Certainly we should not live in the past. And we must be careful not to continually replay hurts, mistakes and bad memories from the past. Yet remembering God’s goodness ought to be a vibrant part of our lives. As you consider God’s faithfulness in your own life, what can you thank Him for right now. I want to encourage you to rejoice in God’s loving-kindness. Thank Him for the people He has brought into your life over the years, thank Him for some of the ways He strengthened you through difficult circumstances, and of course thank Him for some of the wonderful situations He has allowed you to experience as well.

As a parent, I want to encourage you to reflect with your kids on the goodness of the Lord. As you reflect back over your summer together, take some time to thank God for the people He allowed you to encounter and the experiences He allowed you to have. Take some time to create a summer scrapbook of family memories. And remember Paul’s words, “Give thanks in all circumstances, for this is God’s will for you in Christ Jesus.” I Thessalonians 5:17

Monday, August 10, 2009

Lukewarm - Yuk!

As a child, I remember running up to a drinking fountain while playing in the park, putting my lips to the water and expecting cold refreshing water to relieve my parched lips and throat. But instead of refreshment, I got yucky warm water! Yes those were the olden days before they had refrigerated drinking fountains (oops, I just dated myself). There were times when I would simply spew the lukewarm water out of my mouth because it was so very unappetizing.
It’s interesting, but in the Bible we read that God talks about spewing lukewarm water out of His mouth as well. In the book of Revelation we see God’s messages to the early churches. He told the church at Laodicea,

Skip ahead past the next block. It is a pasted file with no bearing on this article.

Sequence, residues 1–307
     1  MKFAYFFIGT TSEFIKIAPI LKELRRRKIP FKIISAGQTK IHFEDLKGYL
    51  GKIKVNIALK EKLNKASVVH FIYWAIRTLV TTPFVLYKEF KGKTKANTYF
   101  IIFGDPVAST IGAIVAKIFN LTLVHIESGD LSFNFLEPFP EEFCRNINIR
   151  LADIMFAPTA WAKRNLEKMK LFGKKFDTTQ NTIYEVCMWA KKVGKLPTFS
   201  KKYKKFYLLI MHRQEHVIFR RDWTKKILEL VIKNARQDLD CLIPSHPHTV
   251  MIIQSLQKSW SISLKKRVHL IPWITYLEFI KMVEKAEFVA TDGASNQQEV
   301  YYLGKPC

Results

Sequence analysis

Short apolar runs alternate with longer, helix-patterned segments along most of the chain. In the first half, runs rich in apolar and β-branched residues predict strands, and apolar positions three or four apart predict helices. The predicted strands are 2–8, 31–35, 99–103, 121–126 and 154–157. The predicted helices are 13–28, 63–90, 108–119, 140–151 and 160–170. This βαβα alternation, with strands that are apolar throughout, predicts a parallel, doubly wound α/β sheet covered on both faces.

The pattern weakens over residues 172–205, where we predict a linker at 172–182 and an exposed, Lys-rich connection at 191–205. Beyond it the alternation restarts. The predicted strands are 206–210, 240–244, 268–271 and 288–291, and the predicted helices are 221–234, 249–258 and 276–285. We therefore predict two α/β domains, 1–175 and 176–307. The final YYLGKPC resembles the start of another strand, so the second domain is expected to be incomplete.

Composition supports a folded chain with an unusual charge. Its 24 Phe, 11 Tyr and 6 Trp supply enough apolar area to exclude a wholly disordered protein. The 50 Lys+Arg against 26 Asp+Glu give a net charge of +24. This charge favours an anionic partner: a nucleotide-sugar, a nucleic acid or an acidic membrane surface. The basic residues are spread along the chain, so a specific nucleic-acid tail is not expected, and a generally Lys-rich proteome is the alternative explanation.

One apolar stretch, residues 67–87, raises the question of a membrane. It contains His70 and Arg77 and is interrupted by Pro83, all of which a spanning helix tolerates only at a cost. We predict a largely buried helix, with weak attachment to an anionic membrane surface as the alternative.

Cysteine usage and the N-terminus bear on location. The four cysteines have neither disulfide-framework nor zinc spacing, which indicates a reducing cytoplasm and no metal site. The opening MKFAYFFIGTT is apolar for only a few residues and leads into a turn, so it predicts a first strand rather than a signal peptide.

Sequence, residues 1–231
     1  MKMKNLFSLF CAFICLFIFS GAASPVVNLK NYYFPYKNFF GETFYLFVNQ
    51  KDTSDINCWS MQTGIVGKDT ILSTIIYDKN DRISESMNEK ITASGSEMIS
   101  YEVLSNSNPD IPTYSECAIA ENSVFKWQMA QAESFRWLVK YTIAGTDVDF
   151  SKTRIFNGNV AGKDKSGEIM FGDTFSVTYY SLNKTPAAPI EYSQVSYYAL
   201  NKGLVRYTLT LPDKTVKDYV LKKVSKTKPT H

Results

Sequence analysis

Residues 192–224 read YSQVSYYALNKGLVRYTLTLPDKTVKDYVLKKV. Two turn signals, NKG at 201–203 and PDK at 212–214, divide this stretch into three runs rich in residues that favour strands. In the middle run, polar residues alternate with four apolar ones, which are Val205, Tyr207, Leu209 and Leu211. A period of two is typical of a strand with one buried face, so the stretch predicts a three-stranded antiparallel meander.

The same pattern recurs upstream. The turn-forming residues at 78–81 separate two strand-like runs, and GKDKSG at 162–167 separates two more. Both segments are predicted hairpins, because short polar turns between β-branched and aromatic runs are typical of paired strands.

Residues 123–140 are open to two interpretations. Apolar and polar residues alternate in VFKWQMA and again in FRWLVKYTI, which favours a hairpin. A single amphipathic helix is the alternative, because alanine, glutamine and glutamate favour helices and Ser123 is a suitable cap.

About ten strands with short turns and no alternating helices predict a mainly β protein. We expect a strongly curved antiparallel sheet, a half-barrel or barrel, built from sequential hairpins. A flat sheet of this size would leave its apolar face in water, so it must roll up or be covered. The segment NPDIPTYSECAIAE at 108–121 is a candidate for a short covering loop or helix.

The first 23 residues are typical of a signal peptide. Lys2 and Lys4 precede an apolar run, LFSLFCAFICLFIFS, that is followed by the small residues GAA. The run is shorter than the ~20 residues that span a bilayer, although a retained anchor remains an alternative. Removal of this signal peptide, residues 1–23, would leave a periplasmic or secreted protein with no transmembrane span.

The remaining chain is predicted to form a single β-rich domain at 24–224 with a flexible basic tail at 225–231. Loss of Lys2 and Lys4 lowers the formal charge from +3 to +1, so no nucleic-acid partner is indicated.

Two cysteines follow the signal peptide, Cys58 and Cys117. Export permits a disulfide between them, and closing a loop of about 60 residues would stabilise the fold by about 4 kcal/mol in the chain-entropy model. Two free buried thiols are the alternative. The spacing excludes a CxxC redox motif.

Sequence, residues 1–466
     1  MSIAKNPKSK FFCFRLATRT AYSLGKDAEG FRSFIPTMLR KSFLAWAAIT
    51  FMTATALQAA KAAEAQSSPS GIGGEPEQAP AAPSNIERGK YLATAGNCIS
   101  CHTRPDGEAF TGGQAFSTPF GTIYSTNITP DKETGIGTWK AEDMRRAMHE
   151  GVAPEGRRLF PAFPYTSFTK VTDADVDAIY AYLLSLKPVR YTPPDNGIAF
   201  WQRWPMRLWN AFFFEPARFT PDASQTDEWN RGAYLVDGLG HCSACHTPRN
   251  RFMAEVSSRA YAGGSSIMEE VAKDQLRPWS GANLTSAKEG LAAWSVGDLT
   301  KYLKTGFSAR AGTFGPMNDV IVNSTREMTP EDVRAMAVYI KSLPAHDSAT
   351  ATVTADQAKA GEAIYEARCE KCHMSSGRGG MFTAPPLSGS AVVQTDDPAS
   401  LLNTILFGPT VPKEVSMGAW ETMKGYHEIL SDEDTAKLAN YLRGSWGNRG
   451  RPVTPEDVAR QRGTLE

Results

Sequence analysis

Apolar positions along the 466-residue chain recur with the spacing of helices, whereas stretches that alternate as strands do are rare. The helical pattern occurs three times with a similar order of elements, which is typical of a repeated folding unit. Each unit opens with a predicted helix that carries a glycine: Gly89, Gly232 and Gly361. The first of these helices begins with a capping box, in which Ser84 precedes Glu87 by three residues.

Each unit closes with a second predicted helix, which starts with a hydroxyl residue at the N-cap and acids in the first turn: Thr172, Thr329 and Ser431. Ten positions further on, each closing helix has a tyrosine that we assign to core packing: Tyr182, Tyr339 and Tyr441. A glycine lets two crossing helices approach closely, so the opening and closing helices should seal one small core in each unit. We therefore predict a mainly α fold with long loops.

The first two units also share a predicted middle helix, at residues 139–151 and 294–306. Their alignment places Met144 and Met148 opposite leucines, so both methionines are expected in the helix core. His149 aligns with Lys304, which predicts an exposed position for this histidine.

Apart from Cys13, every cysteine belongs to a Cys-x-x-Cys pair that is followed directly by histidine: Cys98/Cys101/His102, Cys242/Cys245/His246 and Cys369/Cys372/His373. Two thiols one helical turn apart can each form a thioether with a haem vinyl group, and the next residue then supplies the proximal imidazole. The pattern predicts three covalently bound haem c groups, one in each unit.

“I know your deeds, that you are neither cold nor hot. I wish you were either one or the other! So, because you are lukewarm—neither hot nor cold—I am about to spit you out of my mouth. 17You say, 'I am rich; I have acquired wealth and do not need a thing.' But you do not realize that you are wretched, pitiful, poor, blind and naked. 18I counsel you to buy from me gold refined in the fire, so you can become rich; and white clothes to wear, so you can cover your shameful nakedness; and salve to put on your eyes, so you can see. 19Those whom I love I rebuke and discipline. So be earnest, and repent. 20Here I am! I stand at the door and knock. If anyone hears my voice and opens the door, I will come in and eat with him, and he with me. 21To him who overcomes, I will give the right to sit with me on my throne, just as I overcame and sat down with my Father on his throne. 22He who has an ear, let him hear what the Spirit says to the churches." Revelation 3:15 - 22